Joi, good entry, but you missed the TIA's new logo. It's much friendlier. Even Pooh would like the new logo! I feel better about TIA already.

You can see it in my blog here. Now, catch up on your RSS feed! :-)

(Now that I think about it, John Poindexter kind of looks like Pooh. Evil Felonious Pooh, but Pooh.)

I actually got the old logo from your blog Frank. I like the old one better. It's scarier and probably represents the feelings of the rank and file troopers more then the cleansed one. ;-)

I hope y'all are enjoying your self-satisfied, snotty Bush-bashing. While data-mining is banned, everyone near me (I live in the DC area) is rushing out to get duct tape to defend themselves against terrorism. I'd prefer to see our Constitution defended with checks and balances, not Luddism

What is sad is that the individuals in government don't even bother hiding how they (congress, etc) cater to special interests. And special interests are defined by how much money they bring to the table, not by how they represent the sectors of the public who need a voice in government.

That logo is so darn scary and creepy, you'd think someone designed it with the express purpose of freaking people out. It sure freaked me out. Maybe the graphic designer who did it was actually being....subversive?

Arnold, you're swinging with an awfully big bat there. While I do not count myself as a supporter of the Bush administration, having disagreed with many of its strategies and tactics, I just posted a blog entry arguing for a war in Iraq. Thoughtful criticism and "self-satisfied, snotty Bush-bashing" aren't exactly the same thing.

As for the rest of your comment, what do duct tape and TIA have to do with one another? Is the US under a heightened sense of terror alert? Yes. Has the government suggested that people purchase duct tape and plastic sheets in case of chemical or biological attack? Yes. (Do many people view this as a ludicrous suggestion? Yes.) But I fail to see how any of this leads one to the idea that it's reasonable to set up a massive data-mining effort to collect and collate vast amounts of information on every single American.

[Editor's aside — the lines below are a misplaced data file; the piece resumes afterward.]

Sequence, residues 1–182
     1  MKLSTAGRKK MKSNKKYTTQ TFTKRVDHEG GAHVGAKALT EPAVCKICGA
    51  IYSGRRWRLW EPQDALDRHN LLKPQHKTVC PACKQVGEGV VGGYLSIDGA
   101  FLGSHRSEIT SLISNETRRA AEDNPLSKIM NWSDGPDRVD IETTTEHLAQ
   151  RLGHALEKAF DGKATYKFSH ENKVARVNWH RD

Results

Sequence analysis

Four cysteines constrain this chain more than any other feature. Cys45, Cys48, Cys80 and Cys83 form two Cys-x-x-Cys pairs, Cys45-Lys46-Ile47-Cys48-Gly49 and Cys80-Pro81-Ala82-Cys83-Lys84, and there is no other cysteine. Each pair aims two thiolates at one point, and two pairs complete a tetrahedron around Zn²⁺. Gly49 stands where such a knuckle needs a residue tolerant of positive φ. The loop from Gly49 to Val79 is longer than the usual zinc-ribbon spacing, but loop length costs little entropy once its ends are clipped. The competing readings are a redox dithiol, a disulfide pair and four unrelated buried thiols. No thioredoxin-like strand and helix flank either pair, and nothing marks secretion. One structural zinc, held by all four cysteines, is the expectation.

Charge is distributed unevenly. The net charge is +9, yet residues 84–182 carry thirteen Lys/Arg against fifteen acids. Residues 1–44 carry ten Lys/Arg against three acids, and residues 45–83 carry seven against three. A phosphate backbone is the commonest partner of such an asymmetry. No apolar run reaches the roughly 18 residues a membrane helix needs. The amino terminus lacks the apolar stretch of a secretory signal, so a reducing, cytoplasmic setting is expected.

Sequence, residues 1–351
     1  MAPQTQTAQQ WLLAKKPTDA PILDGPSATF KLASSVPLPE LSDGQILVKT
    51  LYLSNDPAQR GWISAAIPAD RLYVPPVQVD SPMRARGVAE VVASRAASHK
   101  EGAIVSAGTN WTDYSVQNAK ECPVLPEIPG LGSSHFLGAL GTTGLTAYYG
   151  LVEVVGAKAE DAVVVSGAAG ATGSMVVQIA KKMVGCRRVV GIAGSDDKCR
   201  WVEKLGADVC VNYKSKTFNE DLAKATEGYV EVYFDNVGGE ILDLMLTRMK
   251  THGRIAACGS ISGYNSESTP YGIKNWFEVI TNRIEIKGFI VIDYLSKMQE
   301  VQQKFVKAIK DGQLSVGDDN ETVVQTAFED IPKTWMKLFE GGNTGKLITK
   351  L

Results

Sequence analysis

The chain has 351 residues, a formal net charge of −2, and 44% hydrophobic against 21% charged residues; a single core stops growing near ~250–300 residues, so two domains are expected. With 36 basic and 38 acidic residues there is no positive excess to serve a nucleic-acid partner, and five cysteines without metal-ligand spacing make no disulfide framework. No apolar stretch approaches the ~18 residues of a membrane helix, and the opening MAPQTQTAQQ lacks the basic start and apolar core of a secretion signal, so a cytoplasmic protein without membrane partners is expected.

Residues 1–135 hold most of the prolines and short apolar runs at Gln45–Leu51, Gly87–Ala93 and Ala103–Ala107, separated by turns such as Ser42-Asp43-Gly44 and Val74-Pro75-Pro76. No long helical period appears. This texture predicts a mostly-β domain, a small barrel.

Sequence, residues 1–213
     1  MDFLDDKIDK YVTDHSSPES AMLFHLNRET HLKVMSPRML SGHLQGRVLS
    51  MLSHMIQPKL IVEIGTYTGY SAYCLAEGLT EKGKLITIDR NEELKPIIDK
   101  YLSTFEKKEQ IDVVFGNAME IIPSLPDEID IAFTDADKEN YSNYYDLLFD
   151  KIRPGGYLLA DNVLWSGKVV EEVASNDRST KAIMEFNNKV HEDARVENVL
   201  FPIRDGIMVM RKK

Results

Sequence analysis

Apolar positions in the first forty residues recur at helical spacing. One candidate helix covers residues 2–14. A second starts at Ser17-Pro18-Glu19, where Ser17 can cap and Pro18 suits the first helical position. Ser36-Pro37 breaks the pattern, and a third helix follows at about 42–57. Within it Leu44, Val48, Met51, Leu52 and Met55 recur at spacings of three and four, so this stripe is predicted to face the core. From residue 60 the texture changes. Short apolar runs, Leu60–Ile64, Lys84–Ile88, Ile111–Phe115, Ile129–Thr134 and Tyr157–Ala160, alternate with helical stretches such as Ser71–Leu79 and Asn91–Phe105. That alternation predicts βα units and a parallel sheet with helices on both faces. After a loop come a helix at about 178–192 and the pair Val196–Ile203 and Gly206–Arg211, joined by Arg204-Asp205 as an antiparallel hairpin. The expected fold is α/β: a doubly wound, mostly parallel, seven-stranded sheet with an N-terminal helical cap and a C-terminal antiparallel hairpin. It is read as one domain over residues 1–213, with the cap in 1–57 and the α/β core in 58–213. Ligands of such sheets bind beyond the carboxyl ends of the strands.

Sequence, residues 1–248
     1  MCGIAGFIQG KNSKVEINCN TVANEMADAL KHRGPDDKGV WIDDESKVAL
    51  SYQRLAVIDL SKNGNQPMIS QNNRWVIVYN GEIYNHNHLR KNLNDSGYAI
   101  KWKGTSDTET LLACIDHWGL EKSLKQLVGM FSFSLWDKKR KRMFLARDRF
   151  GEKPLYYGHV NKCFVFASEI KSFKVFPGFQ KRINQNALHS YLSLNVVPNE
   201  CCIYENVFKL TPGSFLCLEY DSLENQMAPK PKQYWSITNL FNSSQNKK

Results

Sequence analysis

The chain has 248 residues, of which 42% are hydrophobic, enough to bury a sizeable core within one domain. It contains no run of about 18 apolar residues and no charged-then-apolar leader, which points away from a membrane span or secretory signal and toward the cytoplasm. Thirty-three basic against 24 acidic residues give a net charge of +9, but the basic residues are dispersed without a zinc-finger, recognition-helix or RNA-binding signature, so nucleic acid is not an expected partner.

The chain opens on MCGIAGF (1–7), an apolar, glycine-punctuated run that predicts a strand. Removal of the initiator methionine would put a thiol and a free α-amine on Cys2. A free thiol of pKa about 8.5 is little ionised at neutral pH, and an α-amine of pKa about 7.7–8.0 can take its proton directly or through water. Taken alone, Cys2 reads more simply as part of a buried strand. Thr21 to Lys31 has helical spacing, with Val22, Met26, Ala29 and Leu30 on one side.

I am not against *a* war to liberate Iraq, I am just highly suspicious of *this* administrations motives for it. After all, until a few months ago the word "human rights" was anathema to Bush.

I hope he proves me wrong.

But after his father's appalling record in Central America and in a zillion other places, and the younger Bush's regressive political agenda and his cabinet choices of these aging cold-warriors who can't seem to get a clue, while we lose all of the hard-won gains of these last few years, I am highly skeptical.

I am not out in the field on this, the American public opinion seems to agree..

It is my humble opinion..Bush is weakening America.

I DO think we need to put more of a focus on civil defense.. It could reduce mortality in any kind of terrorism situation.

They de-emphasized it during Reagan's and Bush I's reign because they felt that it was helping the no-nuke movement.. or so I understand..

I actually saw a presentation about TIA a few months ago. All I will say is that if you thought the logo was ludicrous, you should have seen the first two minutes of the video.

However, from what I heard, it wasn't all bad. The concept was designed to allow some degree of oversight on how the database was used.